In the featured documentary, researchers using state of the art genome sequencing were able to compare E.coli samples found on supermarket meat with E.coli samples collected from patients with drug-resistant urinary tract infections. In this way, they were able to genetically link more than 100 urinary tract infections to tainted supermarket meat products...
Avoiding antibiotic-resistance is but one of several good reasons to avoid meats and animal products from animals raised in confined animal feeding operations (CAFOs). This is partly why grass-fed and grass-finished antibiotic- and hormone-free meat is the ONLY type of meat I recommend—again because it is repetitive low-dose exposure that allows bacteria to adapt and develop strong resistance. Most Americans eat meat several times a week, and that kind of exposure can add up.
The US Food and Drug Administration (FDA), meanwhile, has known for more than 12 years that routine use of antibiotics in livestock is harmful to human health, yet it has taken no meaningful action. Promptings to voluntarily reduce usage has not resulted in positive change. On the contrary, the most recent FDA report shows that antibiotic usage actually increased by 16 percent between 2009 and 2012, and nearly 70 percent of the antibiotics used are considered "medically important" for humans.8
Another contributing factor is the genetic engineering of our foods. As Jeffrey Smith explained at a recent GMO Summit, it's possible that GMOs from food can transfer genetic material to your normal gut bacteria, conferring antibiotic resistance and turning them into superbugs. GMOs have been scientifically proven to activate and deactivate hundreds if not thousands of genes, and we have no idea about the risks associated with this, as no one has studied it.
What's the Solution?
The impending superbug crisis has a four-prong solution:
- Improved infection prevention, with a focus on strengthening your immune system naturally. Avoiding sugars, processed foods, and grains is foundational for this. Adding in traditionally fermented and cultured foods is equally important, as this will help optimize your microflora
- More responsible use of antibiotics in human medicine
- Limiting use of antibiotics in livestock animals, along with a return to biodynamic farming and a complete overhaul of our food system
- Innovative new approaches to the treatment of infections from all branches of science, natural as well as allopathic. Fortunately, Mother Nature gives us a cornucopia of botanicals with inherent antibiotic activity that does not promote resistance like antibiotic drugs do. Natural compounds with antimicrobial activity include:
What You Can Do Right Now to Avoid Promoting Antibiotic Resistance
When it comes to avoiding antibiotic-resistant disease, one major key is to keep your immune system healthy and strong. This is primarily done through lifestyle choices such as proper diet, sleep, stress management, and exercise. In terms of diet, remember to opt for whole organic foods, raised without antibiotics and preferably locally sourced.
Optimizing your own immune system function will help keep you safe from developing a potentially lethal infection in the first place. I also urge you to consider the following strategies, which will help curtail the spread of antibiotic resistance in general. While the problem of antibiotic resistance needs to be stemmed through public policy on a nationwide level, the more people who get involved on a personal level, the better.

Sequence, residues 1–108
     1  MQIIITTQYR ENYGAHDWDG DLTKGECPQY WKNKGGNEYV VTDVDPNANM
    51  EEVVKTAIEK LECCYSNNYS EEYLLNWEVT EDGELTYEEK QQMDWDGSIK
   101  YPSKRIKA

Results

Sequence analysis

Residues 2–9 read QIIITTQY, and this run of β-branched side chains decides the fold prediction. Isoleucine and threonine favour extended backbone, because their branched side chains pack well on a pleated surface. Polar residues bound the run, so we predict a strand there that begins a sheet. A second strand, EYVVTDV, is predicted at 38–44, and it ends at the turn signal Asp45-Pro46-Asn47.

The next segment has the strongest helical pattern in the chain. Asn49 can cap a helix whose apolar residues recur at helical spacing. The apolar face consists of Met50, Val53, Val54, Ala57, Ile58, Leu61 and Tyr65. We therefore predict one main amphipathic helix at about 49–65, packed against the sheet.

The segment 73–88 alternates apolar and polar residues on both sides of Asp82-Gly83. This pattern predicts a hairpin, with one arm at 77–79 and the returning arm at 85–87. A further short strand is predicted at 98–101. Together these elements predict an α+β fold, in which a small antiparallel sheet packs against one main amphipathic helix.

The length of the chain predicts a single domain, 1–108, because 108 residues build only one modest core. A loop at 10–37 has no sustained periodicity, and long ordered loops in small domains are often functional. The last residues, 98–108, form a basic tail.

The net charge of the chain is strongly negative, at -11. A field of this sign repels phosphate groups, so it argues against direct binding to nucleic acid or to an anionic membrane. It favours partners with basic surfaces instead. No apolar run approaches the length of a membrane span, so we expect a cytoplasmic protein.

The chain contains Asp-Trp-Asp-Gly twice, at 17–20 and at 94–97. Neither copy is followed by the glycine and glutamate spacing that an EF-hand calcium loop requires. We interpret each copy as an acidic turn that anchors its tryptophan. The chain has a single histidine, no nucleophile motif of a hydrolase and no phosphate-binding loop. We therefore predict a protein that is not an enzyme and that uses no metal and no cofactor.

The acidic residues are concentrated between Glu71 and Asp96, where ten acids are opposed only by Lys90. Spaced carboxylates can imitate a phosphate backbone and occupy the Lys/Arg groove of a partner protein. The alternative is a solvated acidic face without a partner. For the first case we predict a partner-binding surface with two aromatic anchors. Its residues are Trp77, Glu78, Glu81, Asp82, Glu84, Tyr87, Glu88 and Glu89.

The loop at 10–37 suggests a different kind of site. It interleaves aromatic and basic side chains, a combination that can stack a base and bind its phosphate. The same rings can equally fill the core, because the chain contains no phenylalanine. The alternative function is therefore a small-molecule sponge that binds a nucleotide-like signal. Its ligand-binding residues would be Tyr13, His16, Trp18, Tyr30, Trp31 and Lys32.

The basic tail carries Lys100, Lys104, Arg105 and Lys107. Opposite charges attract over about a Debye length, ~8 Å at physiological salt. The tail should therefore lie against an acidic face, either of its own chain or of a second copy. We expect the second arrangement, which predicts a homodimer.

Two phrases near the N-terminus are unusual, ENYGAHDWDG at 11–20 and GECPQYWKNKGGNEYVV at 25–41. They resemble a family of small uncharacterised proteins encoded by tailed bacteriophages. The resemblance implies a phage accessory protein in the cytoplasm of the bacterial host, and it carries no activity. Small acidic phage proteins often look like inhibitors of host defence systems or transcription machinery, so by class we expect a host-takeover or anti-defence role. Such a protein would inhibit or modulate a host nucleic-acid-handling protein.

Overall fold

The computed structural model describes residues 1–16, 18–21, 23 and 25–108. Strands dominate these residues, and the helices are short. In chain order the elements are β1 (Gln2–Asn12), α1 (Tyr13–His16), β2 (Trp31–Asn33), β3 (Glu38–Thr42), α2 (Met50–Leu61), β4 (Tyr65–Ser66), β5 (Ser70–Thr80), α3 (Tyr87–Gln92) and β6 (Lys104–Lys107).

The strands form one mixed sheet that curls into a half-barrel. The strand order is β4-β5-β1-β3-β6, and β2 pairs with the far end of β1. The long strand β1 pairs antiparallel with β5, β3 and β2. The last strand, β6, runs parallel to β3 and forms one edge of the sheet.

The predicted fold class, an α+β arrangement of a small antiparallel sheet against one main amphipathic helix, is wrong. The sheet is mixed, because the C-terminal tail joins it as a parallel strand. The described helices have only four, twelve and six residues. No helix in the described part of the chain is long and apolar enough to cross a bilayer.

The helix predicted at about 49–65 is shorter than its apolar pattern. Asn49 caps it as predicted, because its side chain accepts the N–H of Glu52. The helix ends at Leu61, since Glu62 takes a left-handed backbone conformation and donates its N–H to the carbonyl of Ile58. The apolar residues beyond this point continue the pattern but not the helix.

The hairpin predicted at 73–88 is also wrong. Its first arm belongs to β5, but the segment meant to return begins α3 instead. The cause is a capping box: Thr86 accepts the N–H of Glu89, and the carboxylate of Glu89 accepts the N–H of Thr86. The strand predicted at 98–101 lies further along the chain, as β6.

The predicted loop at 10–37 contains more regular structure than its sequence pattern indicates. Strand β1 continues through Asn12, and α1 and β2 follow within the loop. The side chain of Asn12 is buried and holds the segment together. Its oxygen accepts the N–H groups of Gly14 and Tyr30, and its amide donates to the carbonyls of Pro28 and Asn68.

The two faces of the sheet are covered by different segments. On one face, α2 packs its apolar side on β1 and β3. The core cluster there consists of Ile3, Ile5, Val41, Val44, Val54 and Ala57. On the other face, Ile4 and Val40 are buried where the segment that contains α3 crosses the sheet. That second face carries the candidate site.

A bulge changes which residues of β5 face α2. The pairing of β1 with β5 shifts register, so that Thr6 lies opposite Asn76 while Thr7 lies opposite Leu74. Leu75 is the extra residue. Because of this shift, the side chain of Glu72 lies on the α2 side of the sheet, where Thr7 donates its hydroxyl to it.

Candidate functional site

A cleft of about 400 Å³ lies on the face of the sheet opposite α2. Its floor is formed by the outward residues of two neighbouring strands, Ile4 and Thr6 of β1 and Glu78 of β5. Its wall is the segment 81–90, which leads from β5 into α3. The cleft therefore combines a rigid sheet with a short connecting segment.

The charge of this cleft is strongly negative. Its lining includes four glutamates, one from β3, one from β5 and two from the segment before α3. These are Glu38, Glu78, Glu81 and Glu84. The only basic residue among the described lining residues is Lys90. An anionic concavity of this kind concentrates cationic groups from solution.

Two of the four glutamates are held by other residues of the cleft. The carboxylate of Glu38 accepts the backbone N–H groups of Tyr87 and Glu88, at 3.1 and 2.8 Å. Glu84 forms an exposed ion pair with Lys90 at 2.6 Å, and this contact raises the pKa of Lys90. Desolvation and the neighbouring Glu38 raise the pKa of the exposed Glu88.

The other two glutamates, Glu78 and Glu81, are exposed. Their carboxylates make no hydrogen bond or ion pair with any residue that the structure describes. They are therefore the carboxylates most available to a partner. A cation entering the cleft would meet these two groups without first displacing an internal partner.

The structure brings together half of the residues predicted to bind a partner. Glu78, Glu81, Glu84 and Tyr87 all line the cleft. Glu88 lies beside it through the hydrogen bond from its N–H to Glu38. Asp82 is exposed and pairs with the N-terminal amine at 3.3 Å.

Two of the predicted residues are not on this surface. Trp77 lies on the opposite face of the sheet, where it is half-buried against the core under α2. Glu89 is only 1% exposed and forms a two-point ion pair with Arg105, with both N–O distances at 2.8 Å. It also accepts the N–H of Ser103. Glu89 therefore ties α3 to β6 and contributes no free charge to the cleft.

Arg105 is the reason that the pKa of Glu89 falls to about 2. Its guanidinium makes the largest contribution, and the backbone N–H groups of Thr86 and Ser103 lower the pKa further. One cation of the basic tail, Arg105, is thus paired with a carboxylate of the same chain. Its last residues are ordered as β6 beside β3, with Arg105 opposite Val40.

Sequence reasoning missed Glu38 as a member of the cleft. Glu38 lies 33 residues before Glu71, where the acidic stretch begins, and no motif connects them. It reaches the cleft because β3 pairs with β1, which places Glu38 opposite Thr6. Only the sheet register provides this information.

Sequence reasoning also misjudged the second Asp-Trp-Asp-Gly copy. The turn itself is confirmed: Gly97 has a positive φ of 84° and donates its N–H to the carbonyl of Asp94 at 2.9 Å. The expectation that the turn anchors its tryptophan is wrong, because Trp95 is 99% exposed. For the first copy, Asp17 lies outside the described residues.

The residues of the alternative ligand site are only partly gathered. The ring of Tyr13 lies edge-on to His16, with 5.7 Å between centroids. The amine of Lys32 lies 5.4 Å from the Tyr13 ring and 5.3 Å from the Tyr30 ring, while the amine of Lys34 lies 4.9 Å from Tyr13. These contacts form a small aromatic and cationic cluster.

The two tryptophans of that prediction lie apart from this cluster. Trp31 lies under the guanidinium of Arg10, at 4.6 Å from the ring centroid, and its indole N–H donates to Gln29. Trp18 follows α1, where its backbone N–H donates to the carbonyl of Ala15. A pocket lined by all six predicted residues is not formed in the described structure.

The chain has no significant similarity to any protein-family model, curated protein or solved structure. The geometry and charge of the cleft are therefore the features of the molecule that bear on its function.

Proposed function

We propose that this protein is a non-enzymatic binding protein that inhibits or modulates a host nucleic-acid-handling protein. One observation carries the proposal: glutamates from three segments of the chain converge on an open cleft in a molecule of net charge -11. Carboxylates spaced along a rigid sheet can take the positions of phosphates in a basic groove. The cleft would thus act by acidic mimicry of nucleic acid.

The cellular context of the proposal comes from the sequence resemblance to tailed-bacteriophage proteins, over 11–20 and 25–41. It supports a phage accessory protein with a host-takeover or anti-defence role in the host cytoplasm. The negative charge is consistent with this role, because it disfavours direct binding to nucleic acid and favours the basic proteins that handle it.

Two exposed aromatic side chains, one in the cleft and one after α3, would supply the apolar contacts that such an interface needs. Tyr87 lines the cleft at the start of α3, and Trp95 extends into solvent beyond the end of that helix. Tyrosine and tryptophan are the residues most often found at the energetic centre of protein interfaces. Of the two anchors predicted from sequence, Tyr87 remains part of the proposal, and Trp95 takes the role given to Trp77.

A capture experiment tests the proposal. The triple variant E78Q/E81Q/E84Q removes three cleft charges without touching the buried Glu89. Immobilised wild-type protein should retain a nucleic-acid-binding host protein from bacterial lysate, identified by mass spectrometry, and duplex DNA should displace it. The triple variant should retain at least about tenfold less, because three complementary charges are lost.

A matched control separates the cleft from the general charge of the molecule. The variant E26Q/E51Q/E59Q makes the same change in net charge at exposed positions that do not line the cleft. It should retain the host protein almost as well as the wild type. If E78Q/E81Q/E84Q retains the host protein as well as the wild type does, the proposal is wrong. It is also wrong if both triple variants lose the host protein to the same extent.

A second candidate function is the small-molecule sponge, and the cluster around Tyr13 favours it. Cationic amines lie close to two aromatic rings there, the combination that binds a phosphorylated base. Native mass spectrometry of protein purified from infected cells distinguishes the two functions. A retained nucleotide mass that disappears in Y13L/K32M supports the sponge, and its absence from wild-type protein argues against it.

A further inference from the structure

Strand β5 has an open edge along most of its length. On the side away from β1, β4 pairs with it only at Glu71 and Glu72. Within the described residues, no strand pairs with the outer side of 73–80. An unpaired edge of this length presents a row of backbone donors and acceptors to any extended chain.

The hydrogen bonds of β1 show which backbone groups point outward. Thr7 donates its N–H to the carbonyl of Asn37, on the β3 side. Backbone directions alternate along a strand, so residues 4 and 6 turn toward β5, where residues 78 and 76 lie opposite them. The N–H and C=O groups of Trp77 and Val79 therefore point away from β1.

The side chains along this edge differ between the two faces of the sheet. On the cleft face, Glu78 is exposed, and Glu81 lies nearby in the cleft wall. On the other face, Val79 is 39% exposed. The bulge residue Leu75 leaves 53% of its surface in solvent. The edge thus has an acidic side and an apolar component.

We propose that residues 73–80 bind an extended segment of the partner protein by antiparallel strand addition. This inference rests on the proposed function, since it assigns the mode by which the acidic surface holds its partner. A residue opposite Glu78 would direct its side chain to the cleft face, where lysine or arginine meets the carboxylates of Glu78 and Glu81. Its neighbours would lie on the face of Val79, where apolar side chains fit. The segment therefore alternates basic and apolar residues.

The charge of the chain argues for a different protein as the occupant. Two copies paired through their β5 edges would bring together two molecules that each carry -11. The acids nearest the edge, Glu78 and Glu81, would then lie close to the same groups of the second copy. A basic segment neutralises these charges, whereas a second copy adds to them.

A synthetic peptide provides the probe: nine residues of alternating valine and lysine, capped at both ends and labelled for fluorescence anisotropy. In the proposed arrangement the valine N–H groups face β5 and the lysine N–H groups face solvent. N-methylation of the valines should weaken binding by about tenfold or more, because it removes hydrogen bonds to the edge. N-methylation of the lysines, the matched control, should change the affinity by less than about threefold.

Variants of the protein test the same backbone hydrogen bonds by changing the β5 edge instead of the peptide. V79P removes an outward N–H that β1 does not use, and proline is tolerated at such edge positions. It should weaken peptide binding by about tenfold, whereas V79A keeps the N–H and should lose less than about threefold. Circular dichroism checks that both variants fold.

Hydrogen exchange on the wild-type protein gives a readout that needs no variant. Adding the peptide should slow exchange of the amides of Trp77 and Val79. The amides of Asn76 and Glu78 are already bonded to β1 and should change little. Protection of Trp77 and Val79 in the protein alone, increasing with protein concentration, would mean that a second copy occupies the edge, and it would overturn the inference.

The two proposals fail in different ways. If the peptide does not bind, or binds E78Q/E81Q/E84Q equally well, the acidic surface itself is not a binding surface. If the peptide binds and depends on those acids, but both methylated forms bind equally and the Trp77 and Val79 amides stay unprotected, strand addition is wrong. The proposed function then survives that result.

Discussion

Such strategies include:
- Use antibiotics only when absolutely necessary. For example, antibiotics are typically unnecessary for most ear infections, and they do NOT work on viruses. They only work on bacterial infections, and even then, they're best reserved for more serious infections.
- Avoid antibacterial household products, such as antibacterial soaps, hand sanitizers, and wipes, etc., as these also promote antibiotic resistance by allowing the strongest bacteria to survive and thrive.
- Properly wash your hands with warm water and plain soap, to prevent the spread of bacteria. Be particularly mindful of washing your hands and kitchen surfaces after handling raw meats, as about half of all meat sold in American grocery stores is likely to be contaminated with pathogenic bacteria. Avoid antibiotic soaps that typically have dangerous chemicals like triclosan.
- Take common-sense precautions in the kitchen: Kitchens are notorious breeding grounds for disease-causing bacteria, courtesy of contaminated meat products, including antibiotic-resistant strains of E-coli. To avoid cross-contamination between foods in your kitchen, I suggest adhering to the following recommendations:
- Use a designated cutting board, preferably wood, not plastic, for raw meat and poultry, and never use this board for other food preparation, such as cutting up vegetables. Color coding your cutting boards is a simple way to distinguish between them
- To sanitize your cutting board, be sure to use hot water and detergent. Simply wiping it off with a rag will not destroy the bacteria
- For an inexpensive, safe, and effective kitchen counter and cutting board sanitizer, use 3% hydrogen peroxide and vinegar. Keep each liquid in a separate spray bottle, and then spray the surface with one, followed by the other, and wipe off
- Coconut oil can also be used to clean, treat, and sanitize your wooden cutting boards. It's loaded with lauric acid that has potent antimicrobial actions. Olive oil is another alternative. The fats will also help condition the wood
- Purchase organic, antibiotic-free meats and other foods. Reducing the spread of antibiotic-resistant bacteria is a significant reason for making sure you're only eating grass-fed, organically-raised meats and animal products. Besides growing and raising your own, buying your food from responsible, high-quality, sustainable sources is your best bet, and I strongly encourage you to support the small family farms in your area.